Editorial: The AHCA Passes the House

On May 4th, the House of Representatives passed a bill to repeal and replace the Patient Protection and Affordable Care Act (Obamacare). The new bill, called the American Health Care Act (AHCA), passed the House with a narrow margin of 217 to 213 votes. Twenty republican representatives joined democrats in voting against the bill. The bill now passes to the Senate—where the bill will likely be substantially rewritten. This small victory for congressional republicans comes roughly two months after the original version of the AHCA was pulled from the House due to lack of support. The newly amended version of the bill was passed without an evaluation from the Congressional Budget Office within two weeks of its announcement. Our editors have compiled their brief initial thoughts on the bill's passage below.


Brandon Clarkson, Editor in Chief

After the administration’s embarrassing withdraw of the AHCA in March, the White House was desperate for a win. At any cost. The GOP had promised to repeal the Patient Protection and Affordable Care Act since it’s passing in 2010. Now that the GOP has gained majority control over congress, and of course the presidency, it was time for the party to deliver. The resulting bill is hated by just about everyone, including the AARP, and the American Medical Association. Very few republicans in the House were ecstatic about the bill, but none of them wanted to be the lawmaker responsible for stopping Obamacare repeal. The bill now passes to the Senate, where it will likely die due to Republican senators with moderate constituents. 

When republicans refused to compromise on a bipartisan healthcare reform bill during Obama’s first term, conservative writer David Frum referred to that choice as the republican “Waterloo.” Republicans had lost their chance, Frum argued, to influence the future of healthcare. Obamacare was here to stay, forever. Although a repeal bill has passed the House, I’m fairly confident it won’t make it to Trump’s desk. However, if it does, this will certainly be the GOP’s next Waterloo—and a far worse one.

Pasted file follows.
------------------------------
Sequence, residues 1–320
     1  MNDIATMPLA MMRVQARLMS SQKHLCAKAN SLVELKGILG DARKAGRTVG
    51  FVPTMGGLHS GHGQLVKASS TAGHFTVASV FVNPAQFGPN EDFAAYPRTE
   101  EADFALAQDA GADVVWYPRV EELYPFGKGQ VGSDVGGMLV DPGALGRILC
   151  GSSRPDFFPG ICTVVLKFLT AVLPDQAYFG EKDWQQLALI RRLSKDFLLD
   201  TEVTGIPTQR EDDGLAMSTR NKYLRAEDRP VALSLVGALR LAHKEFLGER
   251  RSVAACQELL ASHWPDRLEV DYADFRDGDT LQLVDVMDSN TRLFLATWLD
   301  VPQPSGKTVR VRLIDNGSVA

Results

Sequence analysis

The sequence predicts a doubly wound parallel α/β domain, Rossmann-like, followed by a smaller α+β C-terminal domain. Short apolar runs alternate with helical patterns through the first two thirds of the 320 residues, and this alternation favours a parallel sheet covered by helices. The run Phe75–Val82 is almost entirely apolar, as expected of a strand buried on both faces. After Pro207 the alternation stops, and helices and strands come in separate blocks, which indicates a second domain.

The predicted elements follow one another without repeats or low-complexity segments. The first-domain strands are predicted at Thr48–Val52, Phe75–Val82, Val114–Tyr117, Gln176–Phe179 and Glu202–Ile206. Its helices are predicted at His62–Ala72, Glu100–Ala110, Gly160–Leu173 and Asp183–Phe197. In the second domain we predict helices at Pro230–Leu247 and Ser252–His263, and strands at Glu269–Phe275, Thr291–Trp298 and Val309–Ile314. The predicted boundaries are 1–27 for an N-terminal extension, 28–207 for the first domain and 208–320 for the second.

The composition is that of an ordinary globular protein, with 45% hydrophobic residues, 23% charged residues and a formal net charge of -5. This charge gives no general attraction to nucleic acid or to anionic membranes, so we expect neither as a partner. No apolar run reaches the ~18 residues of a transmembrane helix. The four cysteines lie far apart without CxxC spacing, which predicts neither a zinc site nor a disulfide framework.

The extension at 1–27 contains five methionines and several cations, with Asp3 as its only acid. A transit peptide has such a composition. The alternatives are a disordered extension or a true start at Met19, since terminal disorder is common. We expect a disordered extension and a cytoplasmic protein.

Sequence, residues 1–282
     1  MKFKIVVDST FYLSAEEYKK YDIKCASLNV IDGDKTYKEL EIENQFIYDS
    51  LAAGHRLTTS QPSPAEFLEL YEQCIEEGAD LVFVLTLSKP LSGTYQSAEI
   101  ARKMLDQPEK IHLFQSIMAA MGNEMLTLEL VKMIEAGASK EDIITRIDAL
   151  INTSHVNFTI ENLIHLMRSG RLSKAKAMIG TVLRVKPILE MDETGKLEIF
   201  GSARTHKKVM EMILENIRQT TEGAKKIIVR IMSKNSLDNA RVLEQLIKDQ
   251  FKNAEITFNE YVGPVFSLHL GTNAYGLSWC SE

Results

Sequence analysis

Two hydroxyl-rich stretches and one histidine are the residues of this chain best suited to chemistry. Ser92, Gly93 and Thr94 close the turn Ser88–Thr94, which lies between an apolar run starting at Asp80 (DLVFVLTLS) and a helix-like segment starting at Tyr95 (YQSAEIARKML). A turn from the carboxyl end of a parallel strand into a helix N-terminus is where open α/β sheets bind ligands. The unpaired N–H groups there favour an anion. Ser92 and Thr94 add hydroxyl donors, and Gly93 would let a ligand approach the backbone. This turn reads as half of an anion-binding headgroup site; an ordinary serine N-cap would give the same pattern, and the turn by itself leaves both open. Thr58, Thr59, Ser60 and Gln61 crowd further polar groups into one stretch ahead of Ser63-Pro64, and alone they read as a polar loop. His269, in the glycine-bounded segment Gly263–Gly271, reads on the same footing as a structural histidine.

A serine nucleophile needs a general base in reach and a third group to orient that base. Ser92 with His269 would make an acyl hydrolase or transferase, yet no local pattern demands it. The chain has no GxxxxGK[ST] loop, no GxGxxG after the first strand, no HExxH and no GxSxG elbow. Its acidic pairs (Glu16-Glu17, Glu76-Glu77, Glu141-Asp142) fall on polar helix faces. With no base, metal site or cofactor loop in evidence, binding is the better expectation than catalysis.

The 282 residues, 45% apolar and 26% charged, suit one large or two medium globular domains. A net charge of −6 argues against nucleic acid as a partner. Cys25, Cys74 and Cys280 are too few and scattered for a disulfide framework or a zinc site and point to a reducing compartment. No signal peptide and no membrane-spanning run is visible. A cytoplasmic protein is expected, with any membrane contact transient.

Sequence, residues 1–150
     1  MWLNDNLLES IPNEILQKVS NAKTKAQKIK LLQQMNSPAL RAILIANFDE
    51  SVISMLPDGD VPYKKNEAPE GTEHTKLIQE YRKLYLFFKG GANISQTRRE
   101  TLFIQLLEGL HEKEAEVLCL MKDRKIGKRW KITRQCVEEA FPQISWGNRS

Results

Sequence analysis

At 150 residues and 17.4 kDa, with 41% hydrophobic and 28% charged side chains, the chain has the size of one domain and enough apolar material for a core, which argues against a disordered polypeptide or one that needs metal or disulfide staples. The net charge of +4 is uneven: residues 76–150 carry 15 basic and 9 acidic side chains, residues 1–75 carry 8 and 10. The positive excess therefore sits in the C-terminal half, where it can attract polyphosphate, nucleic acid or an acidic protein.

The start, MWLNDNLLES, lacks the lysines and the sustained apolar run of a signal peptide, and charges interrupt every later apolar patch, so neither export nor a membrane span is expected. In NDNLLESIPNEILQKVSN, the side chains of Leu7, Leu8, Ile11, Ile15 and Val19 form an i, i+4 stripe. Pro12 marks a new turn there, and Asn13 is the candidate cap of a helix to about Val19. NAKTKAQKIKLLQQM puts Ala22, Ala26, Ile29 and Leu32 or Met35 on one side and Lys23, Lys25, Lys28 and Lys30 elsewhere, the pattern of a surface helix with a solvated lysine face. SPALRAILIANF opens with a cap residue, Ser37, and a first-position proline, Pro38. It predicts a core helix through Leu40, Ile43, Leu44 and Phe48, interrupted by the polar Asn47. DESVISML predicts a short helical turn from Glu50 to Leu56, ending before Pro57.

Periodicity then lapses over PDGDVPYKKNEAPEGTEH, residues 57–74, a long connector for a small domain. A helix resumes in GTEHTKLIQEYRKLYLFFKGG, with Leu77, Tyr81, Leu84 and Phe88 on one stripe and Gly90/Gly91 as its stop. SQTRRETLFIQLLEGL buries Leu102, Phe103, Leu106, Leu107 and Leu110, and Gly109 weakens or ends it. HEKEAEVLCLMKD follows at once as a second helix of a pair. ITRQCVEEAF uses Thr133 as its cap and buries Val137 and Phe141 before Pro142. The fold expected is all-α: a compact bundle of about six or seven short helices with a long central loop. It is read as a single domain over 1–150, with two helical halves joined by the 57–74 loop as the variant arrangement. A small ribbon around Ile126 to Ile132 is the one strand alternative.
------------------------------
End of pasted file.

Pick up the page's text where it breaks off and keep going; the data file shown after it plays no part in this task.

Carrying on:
A complete implosion of healthcare caused by the AHCA would galvanize the left’s opposition even further, while significantly weakening the reelection prospects of republicans who represent districts that voted for Hillary Clinton last year. 

The GOP lost their last chance for a say in the future of American healthcare back in 2009-2010. This week, we saw them dig themselves even deeper. Regardless of whether the AHCA eventually becomes law, the pendulum will indeed swing. The future of American healthcare will be a single-payer system. And in November of next year, republicans in vulnerable districts will be faced with attack ads from a multitude of groups. Waterloo, indeed.


Zachary Sizemore, Managing Editor

When I first wrote about the initial draft of the American Healthcare Act, my main argument was that the Congress must write legislation with the reality of the country in mind. We are in a reality where roughly 30 million people have gained health insurance through the Affordable Care Act, the rise of premiums have been slowed from the crisis of 2009, the healthcare markets are continuing to stabilize, and the current healthcare law is more popular than it has ever been. The initial draft of the AHCA didn’t address these realities, in fact it was written in spite of them. Now, the bill that has passed the House of Representatives has gone even further in avoiding these truths, it has positioned itself in an even worse position to address the health of the American people. 

With that it mind, it is incredibly hard for me to wrap my head around the open cruelty of this legislation, and I do not use that word lightly. This legislation is cruel on levels which I have not thought possible for a governing majority to think up. First and foremost, it was simply not written with the good of the American people in mind, it was written to keep a hallowed campaign promise, and an arbitrary metric for when that campaign promise needed to be fulfilled. This legislation will gut the ACA markets, it will cost just as many people their health insurance as the original draft would. Added on to that, this legislation will now give states the options to further gut the protections which the Obama admisntration gave to the American people. Now, according to your geography you may not be able to buy insurance which covers an entire multitude of pre-existing conditions, you may not be able to buy health insurance which covers hospital visits, or prescription medicines. Allowing this to happen is unabashed cruelty, which is made even worse by the fact that the majority of people in desperate need of this healthcare are those in rural, red districts who voted for the GOP congressional majority, and President Donald Trump, hoping that they would be able to help them.